The “Drake” Effect: Thoughts From A&R Exec, Songwriter Spek
Here a recording artist and A&R executive reflects on how the ways in which consumers listen to music and engage with artists has fundamentally changed with more control now in the hands of the artist, something he refers to as the 'Drake effect'.
Guest post by Spek
As Senior Vice President of Creative & A&R at Reservoir, I work closely with a wide variety of songwriters, producers and artists helping to guide them through the arc of their careers. For some, this is about kick starting a series of collaborative writing sessions for them, helping to get them in the right rooms. For others, it might mean a more strategic, macro view of where we can help take their career from point A to point B.
It is an area I know a fair bit about, given that I spent most of my adult life as a songwriter and recording artist. I was born in Montreal, and moved to the Jane-Finch projects, a notoriously rough area of Toronto right after high school. There, I joined a Canadian hip hop group called Dream Warriors. I met them at an autograph session in 1990, just as they were breaking in Canada. I was 14 years old at the time, and the band liked what they heard in my freestyles, and began producing the demos for my high school group, “Mama Tung”. Three years later, Mama Tung had split up, I was asked to join the Warriors and began touring the world. We had just signed a new deal with a major label, and with the band's growing popularity, there was a sense that 1994 was going to be the year that Canadian hip hop would finally go global. The Toronto hip hop scene was bursting with talent, and there was an emerging recognition that there was more to Canadian musical identity than Neal Young, Bryan Adams and Celine Dion. In hindsight, even though we sold over a million albums during that period, it took literally 20 years before Drake came along to truly fulfill the promise of that era's ambitions for Canadian hip hop. So, it's with some pride as a pioneer of that early scene that so often struggled for legitimacy internationally, that we see our hometown hero taking that torch we passed to new heights that we couldn't have imagined back then in ‘94.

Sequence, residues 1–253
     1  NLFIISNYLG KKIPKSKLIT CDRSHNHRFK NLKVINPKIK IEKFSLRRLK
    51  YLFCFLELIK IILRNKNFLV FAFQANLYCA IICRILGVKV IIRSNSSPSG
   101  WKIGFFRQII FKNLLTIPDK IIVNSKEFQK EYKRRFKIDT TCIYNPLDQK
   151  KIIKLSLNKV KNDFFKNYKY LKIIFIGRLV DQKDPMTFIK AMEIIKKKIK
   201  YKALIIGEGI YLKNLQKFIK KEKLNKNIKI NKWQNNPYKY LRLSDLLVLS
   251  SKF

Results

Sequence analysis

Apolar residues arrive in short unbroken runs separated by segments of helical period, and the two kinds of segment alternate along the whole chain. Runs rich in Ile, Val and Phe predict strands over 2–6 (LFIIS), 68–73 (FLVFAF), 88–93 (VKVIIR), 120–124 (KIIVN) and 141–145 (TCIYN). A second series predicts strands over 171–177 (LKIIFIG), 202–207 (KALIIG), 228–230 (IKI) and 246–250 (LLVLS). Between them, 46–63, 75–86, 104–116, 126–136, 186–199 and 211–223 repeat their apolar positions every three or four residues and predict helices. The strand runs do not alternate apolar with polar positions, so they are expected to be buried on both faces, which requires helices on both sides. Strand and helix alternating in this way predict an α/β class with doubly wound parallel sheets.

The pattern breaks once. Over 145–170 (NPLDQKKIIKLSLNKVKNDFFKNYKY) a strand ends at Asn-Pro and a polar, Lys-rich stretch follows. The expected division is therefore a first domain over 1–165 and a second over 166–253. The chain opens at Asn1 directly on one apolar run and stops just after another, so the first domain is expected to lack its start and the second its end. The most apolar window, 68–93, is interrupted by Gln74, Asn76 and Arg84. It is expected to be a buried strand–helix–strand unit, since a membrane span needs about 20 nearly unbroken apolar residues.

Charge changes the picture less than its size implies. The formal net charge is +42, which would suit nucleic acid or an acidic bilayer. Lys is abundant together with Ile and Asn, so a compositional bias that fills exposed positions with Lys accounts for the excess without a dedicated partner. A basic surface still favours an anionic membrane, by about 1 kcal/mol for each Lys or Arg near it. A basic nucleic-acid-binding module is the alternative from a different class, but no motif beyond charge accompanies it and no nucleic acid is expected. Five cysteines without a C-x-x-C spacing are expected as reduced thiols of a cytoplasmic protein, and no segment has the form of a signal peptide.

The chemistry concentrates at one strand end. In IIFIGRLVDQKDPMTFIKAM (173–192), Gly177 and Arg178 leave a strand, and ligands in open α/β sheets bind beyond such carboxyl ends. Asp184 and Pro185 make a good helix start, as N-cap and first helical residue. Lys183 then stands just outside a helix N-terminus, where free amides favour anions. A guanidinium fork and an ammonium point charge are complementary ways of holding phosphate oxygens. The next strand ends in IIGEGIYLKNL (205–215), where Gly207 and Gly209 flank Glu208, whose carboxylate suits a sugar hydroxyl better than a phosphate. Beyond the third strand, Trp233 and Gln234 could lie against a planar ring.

As an artist, it’s been some time since I released any new music; The last time I released a record was 2003. Early in my career I was signed to a publishing deal in the UK by the wonderful Annette Barrett. Annette had worked with David Bowie, Madonna and Sting throughout their illustrious careers and she sort of embodied everything that was good about the industry. She ‘got’ what I was doing right away, and through her tutelage I developed my sound, connected with some established managers, and got a record deal. I thought to myself, if I ever work in the industry as an executive, I’d want to be a music publisher like Annette. Years later, serendipity led me back to her when I joined Reservoir in 2015, and now I get to work with songwriters in the same way that she did with me all those years ago. Life comes full circle.